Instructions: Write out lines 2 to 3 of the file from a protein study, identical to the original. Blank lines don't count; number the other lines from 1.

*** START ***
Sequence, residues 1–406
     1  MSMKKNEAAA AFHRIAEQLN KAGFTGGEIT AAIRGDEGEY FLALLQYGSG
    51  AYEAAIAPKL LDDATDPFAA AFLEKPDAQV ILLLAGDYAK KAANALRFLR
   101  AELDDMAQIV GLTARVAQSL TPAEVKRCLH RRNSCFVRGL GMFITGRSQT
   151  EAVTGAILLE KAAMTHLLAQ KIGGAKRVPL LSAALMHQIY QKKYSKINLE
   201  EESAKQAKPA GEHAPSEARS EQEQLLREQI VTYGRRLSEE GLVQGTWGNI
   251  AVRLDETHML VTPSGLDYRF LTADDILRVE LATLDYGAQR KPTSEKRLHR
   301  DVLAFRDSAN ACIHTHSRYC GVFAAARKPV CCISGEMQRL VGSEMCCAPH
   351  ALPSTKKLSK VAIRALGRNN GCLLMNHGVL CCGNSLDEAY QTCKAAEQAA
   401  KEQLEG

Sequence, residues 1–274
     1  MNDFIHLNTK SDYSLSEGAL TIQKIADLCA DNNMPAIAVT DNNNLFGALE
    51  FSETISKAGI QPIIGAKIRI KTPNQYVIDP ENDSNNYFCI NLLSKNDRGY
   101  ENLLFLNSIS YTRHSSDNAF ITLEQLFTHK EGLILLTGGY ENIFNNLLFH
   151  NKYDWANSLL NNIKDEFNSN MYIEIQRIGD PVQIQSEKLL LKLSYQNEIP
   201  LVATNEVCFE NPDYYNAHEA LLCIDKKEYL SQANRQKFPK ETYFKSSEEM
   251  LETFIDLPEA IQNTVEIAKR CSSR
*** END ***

     1  MSMKKNEAAA AFHRIAEQLN KAGFTGGEIT AAIRGDEGEY FLALLQYGSG
    51  AYEAAIAPKL LDDATDPFAA AFLEKPDAQV ILLLAGDYAK KAANALRFLR